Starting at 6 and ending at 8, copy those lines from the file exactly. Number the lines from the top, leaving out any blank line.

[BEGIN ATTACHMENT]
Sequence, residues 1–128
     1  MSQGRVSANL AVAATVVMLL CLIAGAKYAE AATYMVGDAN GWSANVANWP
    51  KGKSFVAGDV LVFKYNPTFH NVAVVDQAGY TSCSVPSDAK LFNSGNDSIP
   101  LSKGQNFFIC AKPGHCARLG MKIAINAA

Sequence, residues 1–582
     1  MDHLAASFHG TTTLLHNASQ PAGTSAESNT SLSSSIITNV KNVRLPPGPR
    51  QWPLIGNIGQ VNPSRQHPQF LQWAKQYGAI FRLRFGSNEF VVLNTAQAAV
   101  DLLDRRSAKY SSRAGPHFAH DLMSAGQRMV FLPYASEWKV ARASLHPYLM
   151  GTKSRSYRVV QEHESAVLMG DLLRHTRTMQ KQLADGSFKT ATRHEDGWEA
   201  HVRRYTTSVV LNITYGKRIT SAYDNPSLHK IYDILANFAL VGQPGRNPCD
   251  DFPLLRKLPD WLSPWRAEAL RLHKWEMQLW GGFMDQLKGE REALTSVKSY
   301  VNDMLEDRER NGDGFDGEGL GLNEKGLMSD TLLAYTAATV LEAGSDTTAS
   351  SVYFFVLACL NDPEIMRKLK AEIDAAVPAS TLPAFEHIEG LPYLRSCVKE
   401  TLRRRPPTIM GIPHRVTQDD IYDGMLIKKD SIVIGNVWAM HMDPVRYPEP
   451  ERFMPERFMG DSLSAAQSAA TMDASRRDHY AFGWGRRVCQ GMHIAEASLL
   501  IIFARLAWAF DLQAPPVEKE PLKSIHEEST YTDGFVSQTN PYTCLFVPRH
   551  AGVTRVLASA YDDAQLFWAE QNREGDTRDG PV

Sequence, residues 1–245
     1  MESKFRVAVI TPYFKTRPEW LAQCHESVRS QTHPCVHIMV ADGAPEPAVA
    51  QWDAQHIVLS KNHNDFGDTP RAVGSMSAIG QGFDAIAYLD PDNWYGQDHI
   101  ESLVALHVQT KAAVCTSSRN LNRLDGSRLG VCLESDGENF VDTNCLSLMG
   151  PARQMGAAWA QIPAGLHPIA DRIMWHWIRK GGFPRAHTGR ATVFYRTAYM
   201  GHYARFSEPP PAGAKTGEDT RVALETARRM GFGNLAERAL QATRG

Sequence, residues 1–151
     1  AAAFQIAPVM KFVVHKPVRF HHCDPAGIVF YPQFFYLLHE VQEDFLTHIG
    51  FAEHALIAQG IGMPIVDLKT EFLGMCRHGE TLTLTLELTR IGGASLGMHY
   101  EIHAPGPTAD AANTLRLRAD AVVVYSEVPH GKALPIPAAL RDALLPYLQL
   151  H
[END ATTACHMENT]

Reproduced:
     1  MDHLAASFHG TTTLLHNASQ PAGTSAESNT SLSSSIITNV KNVRLPPGPR
    51  QWPLIGNIGQ VNPSRQHPQF LQWAKQYGAI FRLRFGSNEF VVLNTAQAAV
   101  DLLDRRSAKY SSRAGPHFAH DLMSAGQRMV FLPYASEWKV ARASLHPYLM